“You can’t fix stupid”
A quote from Ron White a great very non-politically correct comedian.

I would encourage it on all trips and require it in your pre-trip posting anytime the person who organizes feels it’s necessary.



The Coast Guard says…
we have to have an approved PFD within reach and a signaling device. We don’t have to wear it.

I would insist…
… that they write their name on their body with permanent magic marker so that when their bloated corpse is dragged in three days after they get run over by the jet-ski their next of kin can be called sooner.

What’s the concern?
If it isn’t liability, is it compassion, not wanting to see others harmed? Something else? I believe people need to be allowed personal freedom if it doesn’t impact on others.

I expect adults to make their own choices. The debate over how effective PFD’s are might not belong here, so I will keep my comments on the subject of duty.

You have no duty to pressure these people to wear their vests. Further, as adults, simply informing them that PFD’s increase their margin of safety seems to amply fulfill any ethical duty.

I always wear a PFD now, but I do it out of habit and as an example to younger paddlers (who, when they are with me, are required to wear theirs - a double standard I fully support)

Others might get hurt…
… trying to rescue them. It happens all the time.

here’s my bit
I believe that we all should wear pfd’s on the water at all times (emphasis on believe and should). Now that Ive got that off my chest, heres something else.

Trying to sum up a 10 page single spaced log in 3 paragraphs is tough so I apologize for holes. I have a short story and moral that I feel is relevant to this thread and can help other paddlers make tough decisions in the future.

Just before departing on a 30 mile trip in not so pleasant conditions, we realized that a member had no pfd. Ill call him joe, joe didnt bring one, he would not let me buy one for him. I told him Id go home if he didnt wear one, he still refused (I was the trip leader, this was a good friend, and this trip was over two months in the planning). I am known for being an excellent mediator, communicator and leader, I could not succeed in getting him to even put a pdf aboard. It took a family member to get him momentarily straight, I wont go into detail.

Out on the water by the third day he completely would not wear the pfd. Being between bail out points he agreed to wear the pfd if the conditions worsened. Conditions turned unpleasant but well within the predicted forecast. He would not put on the pfd. Joe became anxious about the conditions as we approached a cape. He decided for himself that he would remove himself from this circumstance by heading to shore as fast as possible, which lay beyond the point. Disobeying us and any of our efforts, he ventured into dangerous water very quickly. He disappeared then reappeared within 4 minutes, we assumed it was due to visual obstacles and swell height. We did not know but he was capsized, lost the kayak to a breaking swell, had to retrieve the kayak from a swell beaten rock outcropping (6-8ft swells) all without a pfd, or his emergency equipment since it was on the kayak. He was fairly sure he almost died, he is now terrified of the ocean. After those four minutes we saw him paddling to shore. We had absolutely no clue there had been any actual mishap.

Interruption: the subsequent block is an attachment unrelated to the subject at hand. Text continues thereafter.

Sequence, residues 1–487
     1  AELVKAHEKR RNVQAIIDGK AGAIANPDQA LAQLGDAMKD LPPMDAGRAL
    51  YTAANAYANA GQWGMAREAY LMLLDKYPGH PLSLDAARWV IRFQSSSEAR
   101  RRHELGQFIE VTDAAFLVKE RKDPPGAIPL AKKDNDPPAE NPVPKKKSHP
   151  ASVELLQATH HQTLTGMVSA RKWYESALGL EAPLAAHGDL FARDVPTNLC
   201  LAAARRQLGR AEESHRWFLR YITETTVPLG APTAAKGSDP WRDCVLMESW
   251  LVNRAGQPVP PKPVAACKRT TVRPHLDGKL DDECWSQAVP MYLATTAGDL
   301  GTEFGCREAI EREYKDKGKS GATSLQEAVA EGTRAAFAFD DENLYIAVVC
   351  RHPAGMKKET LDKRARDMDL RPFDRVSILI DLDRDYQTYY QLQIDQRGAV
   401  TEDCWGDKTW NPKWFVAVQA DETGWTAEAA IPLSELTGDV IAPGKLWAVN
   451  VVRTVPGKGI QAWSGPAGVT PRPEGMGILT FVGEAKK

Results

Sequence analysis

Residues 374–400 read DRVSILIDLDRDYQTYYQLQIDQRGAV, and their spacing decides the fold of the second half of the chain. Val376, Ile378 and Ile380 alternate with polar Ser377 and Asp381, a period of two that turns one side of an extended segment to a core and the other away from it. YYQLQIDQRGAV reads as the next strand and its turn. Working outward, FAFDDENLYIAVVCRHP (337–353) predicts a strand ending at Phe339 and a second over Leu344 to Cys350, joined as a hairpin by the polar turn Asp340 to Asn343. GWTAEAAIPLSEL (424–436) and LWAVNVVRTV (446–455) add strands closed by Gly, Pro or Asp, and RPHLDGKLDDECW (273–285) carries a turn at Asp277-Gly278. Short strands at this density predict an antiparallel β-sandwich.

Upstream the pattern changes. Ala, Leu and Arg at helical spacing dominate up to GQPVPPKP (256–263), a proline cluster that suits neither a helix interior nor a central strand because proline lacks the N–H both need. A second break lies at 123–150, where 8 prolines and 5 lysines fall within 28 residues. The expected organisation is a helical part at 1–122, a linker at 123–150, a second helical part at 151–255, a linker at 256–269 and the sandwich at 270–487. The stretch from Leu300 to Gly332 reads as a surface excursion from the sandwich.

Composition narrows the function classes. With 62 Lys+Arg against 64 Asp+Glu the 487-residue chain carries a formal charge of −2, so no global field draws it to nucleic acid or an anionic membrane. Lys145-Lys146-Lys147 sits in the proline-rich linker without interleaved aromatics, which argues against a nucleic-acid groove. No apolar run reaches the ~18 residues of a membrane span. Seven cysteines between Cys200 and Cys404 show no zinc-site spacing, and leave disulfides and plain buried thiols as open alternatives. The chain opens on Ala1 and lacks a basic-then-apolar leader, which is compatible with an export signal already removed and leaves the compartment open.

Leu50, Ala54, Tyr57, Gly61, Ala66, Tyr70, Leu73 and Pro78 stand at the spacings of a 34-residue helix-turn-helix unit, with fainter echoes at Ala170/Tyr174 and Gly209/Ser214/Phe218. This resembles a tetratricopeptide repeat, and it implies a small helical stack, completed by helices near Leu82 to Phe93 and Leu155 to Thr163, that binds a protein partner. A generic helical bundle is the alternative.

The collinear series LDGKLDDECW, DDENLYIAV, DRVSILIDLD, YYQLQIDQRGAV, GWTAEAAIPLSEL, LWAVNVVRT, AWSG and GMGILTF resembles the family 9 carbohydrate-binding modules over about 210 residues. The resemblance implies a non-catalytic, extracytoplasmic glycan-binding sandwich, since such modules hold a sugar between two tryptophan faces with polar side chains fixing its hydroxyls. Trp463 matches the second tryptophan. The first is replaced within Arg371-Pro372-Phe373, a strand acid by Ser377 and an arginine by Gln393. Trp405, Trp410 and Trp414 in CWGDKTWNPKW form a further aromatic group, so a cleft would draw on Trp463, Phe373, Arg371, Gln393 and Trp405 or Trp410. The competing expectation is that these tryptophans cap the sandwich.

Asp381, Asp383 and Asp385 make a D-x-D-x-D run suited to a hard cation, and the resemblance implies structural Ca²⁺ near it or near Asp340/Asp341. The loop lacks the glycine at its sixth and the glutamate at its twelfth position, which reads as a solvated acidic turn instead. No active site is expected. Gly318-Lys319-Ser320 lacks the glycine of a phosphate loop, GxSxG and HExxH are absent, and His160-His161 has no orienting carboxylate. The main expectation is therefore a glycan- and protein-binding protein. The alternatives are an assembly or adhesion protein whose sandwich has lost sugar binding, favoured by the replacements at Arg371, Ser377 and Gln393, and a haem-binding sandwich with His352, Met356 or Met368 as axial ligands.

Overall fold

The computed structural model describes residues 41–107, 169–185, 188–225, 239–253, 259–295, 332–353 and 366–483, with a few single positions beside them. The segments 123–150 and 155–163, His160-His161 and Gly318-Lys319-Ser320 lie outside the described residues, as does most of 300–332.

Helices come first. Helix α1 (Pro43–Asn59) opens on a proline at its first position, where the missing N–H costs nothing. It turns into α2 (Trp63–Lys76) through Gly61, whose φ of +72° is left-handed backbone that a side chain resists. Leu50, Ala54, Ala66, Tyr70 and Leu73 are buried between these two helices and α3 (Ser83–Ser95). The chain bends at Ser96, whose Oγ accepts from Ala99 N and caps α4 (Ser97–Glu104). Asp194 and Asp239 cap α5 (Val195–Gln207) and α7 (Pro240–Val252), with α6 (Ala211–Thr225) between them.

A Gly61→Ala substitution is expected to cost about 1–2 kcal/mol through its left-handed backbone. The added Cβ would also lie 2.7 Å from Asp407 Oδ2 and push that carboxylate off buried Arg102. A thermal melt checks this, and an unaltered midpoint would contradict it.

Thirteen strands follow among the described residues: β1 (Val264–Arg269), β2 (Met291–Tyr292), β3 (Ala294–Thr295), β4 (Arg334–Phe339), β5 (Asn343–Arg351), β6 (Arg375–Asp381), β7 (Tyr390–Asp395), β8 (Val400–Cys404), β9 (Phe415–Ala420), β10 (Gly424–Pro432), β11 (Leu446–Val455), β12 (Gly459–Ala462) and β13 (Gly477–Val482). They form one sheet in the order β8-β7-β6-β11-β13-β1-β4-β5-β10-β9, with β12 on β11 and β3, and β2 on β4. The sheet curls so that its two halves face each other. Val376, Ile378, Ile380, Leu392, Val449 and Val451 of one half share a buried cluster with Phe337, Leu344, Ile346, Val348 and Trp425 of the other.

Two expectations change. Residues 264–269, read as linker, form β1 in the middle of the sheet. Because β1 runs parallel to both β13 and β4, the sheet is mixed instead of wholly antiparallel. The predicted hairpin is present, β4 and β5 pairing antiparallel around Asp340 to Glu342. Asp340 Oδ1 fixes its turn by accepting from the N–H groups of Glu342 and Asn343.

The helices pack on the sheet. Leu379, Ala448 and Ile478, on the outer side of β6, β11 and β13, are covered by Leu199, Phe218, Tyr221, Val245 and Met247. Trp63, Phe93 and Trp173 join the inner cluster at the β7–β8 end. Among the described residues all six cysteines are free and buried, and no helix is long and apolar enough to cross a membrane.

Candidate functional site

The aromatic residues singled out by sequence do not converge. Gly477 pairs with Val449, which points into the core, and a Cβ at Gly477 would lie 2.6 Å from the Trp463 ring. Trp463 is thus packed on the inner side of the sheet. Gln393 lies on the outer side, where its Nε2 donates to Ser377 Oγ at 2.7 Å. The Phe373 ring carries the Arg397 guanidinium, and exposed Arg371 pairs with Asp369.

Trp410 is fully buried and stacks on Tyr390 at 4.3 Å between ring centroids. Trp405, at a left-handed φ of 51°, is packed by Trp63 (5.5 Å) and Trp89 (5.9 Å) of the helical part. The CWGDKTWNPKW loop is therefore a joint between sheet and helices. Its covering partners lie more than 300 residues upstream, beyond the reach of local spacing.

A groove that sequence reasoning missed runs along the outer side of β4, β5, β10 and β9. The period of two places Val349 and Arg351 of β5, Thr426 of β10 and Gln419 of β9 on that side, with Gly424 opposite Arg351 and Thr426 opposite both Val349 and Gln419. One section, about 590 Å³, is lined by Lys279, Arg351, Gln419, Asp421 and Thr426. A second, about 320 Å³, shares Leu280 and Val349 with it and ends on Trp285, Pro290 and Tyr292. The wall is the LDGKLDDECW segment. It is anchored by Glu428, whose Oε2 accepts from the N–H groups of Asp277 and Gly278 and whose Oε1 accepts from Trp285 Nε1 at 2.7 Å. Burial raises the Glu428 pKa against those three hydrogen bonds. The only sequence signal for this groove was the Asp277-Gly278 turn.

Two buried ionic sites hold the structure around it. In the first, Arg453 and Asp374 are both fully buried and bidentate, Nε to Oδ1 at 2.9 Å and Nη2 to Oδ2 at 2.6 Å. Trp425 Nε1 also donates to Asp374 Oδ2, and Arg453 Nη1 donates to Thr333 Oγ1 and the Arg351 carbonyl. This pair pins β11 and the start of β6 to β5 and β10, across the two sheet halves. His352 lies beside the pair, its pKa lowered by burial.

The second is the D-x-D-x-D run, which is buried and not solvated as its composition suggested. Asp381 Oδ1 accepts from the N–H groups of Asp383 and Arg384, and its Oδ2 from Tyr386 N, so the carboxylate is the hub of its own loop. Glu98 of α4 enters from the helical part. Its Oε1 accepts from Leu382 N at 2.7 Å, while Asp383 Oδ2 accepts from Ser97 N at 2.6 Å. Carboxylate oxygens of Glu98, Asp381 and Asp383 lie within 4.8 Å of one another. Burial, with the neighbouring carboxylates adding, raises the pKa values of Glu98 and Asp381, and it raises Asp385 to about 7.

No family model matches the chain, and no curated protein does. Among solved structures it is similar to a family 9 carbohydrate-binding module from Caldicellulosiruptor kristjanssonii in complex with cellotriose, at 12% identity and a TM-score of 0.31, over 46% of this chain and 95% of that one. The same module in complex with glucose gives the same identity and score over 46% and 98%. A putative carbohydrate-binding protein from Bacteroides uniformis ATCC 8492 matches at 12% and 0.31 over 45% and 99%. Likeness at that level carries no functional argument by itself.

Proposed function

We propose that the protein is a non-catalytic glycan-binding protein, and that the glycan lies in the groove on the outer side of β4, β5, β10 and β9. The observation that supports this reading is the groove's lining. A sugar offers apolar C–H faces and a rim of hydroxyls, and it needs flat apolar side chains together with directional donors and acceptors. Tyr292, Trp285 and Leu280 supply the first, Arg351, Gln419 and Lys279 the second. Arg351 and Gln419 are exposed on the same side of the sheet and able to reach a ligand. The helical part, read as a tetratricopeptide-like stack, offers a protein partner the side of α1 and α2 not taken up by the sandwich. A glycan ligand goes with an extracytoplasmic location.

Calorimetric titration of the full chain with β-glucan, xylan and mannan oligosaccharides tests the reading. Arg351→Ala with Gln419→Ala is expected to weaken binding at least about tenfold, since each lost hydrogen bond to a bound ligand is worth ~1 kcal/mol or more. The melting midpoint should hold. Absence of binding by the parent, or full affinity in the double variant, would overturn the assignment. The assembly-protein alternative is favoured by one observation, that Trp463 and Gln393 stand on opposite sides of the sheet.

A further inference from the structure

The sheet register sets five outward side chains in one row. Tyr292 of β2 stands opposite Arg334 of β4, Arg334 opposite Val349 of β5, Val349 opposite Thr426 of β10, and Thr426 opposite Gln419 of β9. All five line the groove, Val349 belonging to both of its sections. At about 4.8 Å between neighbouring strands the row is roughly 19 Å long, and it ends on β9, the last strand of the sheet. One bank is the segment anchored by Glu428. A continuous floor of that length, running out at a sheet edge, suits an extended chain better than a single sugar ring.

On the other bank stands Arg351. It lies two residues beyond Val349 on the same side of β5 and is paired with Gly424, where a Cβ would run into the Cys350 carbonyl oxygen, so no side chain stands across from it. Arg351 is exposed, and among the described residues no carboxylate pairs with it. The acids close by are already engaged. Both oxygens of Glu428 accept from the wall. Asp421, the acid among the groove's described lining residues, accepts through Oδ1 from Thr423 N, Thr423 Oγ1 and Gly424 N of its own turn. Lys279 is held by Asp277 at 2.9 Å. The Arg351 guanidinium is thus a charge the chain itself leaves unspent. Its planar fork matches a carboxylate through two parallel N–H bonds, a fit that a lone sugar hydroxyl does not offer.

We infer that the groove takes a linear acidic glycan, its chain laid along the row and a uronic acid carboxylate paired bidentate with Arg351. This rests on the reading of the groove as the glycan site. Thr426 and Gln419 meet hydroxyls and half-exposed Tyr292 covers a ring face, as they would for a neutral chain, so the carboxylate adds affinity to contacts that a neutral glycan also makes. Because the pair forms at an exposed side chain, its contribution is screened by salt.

This trip and especially this event changed my kayaking philosophy as you could imagine. Now here is my relevant morel of the story. A person in the trip party who goes to great lengths to refuse adamant requests to follow basic safety protocol will later continue to refuse advice, even commands, and can potentially make a life threatening situation for the entire party on all the individuals own account. This is my rule, not my exception. And yes there are many ways this rule can break down, and many experiences of such, a perfectly experienced and compliant member may snap, but I feel much more confident keeping this concept in my mind. I know that there are those that may totally refute this, but hey, my hard way is your easy way.



Push them over before you get far
from shore, and watch them go through their re-entry drill without assistance and without a PFD. If they succeed, let them go along if they are still speaking to you.

How About…
“My policy is this… I don’t rescue / assist anyone not wearing a pfd.” ??

In cycling if someone doesn’t wear a helmet it doesn’t put anyone else at risk. Not using a pfd might well put other folks in danger.